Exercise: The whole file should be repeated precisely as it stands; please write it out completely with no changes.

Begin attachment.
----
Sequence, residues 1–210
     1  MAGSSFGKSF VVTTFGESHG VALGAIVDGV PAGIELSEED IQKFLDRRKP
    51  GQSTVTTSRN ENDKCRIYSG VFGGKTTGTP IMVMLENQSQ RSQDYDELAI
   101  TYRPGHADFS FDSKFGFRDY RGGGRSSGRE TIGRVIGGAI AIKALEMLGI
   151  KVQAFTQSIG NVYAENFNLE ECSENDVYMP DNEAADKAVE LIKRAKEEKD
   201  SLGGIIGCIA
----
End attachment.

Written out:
Sequence, residues 1–210
     1  MAGSSFGKSF VVTTFGESHG VALGAIVDGV PAGIELSEED IQKFLDRRKP
    51  GQSTVTTSRN ENDKCRIYSG VFGGKTTGTP IMVMLENQSQ RSQDYDELAI
   101  TYRPGHADFS FDSKFGFRDY RGGGRSSGRE TIGRVIGGAI AIKALEMLGI
   151  KVQAFTQSIG NVYAENFNLE ECSENDVYMP DNEAADKAVE LIKRAKEEKD
   201  SLGGIIGCIA